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Jokowi eyes highest Indonesia growth since 2013 amid global slowdown

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Indonesia's economy is set to expand at the fastest pace in seven years as President Joko Widodo bets on higher government spending and a pickup in investment to counter risks from a global slowdown and an escalating trade war.

Jakarta

INDONESIA'S economy is set to expand at the fastest pace in seven years as President Joko Widodo bets on higher government spending and a pickup in investment to counter risks from a global slowdown and an escalating trade war.

Southeast Asia's largest economy is forecast to grow 5.3 per cent next year, Mr Jokowi said on Friday in his annual budget speech. That would be the fastest pace since 2013, up from 5.2 per cent growth the government expects this year. The expansion will be driven by household consumption and investment, the president said, adding government spending will rise to a record 2,528.8 trillion rupiah (S$246 billion).

"The government believes that investment will continue to flow into the country because of the positive perception about Indonesia and the improvement in the investment climate," Mr Jokowi said. While other economies are slowing, Indonesia's economy "must be able to grow" and any crisis "must be turned into an opportunity", he said.

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Mr Jokowi, who will be sworn in for a second term in October, wants to ignite an economy that's been slowing in the face of waning global demand and the US-China trade war. Fresh off a landslide election win in April, he has pledged reforms aimed at attracting foreign investment and reversing a persistent trade deficit.

The record budget comes as governments around Asia look to support their economies as the global outlook darkens. Hong Kong on Thursday committed to US$2.4 billion in stimulus spending, while Thailand on Friday pledged a US$10 billion package of spending and loans to juice growth to 3 per cent.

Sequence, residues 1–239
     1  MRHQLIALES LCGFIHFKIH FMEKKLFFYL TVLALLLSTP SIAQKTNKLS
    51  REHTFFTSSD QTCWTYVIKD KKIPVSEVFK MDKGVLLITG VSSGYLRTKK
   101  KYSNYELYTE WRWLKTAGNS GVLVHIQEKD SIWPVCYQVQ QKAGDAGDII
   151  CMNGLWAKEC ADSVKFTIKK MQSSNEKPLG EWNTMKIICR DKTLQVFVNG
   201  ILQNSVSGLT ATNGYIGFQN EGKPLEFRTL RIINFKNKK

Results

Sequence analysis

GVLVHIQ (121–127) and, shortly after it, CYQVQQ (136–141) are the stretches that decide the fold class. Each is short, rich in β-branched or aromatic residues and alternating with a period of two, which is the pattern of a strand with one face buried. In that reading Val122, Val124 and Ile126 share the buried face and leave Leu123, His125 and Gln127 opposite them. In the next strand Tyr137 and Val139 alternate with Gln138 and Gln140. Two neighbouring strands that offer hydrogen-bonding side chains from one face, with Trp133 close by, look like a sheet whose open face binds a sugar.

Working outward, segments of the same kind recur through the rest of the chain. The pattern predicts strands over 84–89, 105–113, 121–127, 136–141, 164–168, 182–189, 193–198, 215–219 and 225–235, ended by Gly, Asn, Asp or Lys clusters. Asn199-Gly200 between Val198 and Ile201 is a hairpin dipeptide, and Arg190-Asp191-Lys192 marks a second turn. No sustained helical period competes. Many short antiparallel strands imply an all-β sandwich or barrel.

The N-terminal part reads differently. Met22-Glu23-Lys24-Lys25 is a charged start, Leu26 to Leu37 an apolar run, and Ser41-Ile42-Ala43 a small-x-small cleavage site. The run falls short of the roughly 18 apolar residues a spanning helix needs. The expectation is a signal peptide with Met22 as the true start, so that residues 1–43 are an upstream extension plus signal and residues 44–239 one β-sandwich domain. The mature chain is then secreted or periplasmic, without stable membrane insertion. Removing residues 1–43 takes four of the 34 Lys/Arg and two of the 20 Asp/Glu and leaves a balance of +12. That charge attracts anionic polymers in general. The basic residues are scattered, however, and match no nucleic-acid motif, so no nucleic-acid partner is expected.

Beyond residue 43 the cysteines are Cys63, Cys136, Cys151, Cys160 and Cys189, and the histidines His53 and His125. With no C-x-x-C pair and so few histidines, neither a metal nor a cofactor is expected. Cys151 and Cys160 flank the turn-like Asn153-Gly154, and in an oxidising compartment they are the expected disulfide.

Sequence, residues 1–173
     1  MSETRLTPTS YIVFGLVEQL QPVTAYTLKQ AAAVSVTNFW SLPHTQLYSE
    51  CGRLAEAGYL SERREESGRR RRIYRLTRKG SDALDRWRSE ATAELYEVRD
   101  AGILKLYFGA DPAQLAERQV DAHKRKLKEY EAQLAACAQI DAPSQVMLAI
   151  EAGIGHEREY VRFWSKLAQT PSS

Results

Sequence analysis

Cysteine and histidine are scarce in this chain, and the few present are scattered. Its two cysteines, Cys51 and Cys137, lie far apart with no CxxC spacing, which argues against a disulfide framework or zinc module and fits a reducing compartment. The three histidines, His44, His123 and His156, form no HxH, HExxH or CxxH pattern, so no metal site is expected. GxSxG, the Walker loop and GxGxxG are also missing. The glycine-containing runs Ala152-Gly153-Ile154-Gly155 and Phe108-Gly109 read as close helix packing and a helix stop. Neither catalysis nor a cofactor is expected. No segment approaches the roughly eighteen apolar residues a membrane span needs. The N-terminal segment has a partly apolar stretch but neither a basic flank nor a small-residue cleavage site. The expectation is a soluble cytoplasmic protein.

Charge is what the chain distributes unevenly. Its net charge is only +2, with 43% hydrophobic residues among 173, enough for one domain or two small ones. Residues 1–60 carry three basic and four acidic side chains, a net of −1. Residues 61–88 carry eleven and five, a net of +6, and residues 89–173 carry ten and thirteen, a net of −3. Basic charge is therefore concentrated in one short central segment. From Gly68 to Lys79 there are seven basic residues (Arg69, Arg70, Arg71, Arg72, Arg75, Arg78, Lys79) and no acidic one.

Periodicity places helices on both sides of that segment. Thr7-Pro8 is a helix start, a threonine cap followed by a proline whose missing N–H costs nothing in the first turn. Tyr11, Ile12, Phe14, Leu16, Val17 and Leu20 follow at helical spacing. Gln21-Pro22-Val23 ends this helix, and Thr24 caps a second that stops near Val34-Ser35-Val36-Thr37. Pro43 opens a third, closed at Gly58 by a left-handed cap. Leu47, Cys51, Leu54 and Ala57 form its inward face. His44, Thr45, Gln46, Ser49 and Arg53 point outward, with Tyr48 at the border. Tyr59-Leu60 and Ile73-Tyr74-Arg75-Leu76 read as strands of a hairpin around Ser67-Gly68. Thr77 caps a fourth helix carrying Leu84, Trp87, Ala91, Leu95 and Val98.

Indonesia's economy has been struggling to move much beyond 5 per cent growth for several years, amid lacklustre commodity prices and a downturn in its manufacturing sector. The economy expanded 5.05 per cent in the second quarter, its slowest pace in two years.

The president, whose first term was marked by a massive infrastructure drive, has turned his attention to boosting manufacturing and productivity. He also has unveiled steps to increase exports after Indonesia last year posted its worst trade deficit on record.

The fiscal deficit will be contained at 1.76 per cent of GDP next year, lower than the revised estimate of 1.93 per cent for this year, Mr Jokowi said. Government revenue is forecast to jump to 2,221.5 trillion rupiah from 2,165.1 trillion rupiah this year.

"This is a form of commitment by the government, to make the state budget more focused to support priority activities, while ensuring that the risk is within safe limits," Mr Jokowi said. "With an increased education budget it is hoped that there will be no more Indonesian children left behind."

Mr Jokowi also sought parliament's approval to relocate the nation's capital to the island of Borneo as he seeks to ease pressure on congested and polluted Jakarta. With more than 15,000 people per square kilometre in Jakarta - twice the density of Singapore - there's little space to build more without rehousing thousands of families. To make matters worse, two-fifths of the city is below sea level and parts of it are sinking at 20 centimetres a year.

The cost of moving the capital is estimated at 466 trillion rupiah if it involved development of 40,000 hectares of land for an estimated 1.5 million residents, according to Planning Ministry estimates. The cost could be whittled down to 323 trillion rupiah if only part of the state apparatus was shifted to an area of 30,000 hectares, it said in April.

Locations in Central and South Kalimantan are also in the reckoning, according to Planning Minister Bambang Brodjonegoro. The government plans to begin construction of the new city from 2021 and may start relocating some offices from 2024. The project will be financed by the government as well as through private-public partnerships. BLOOMBERG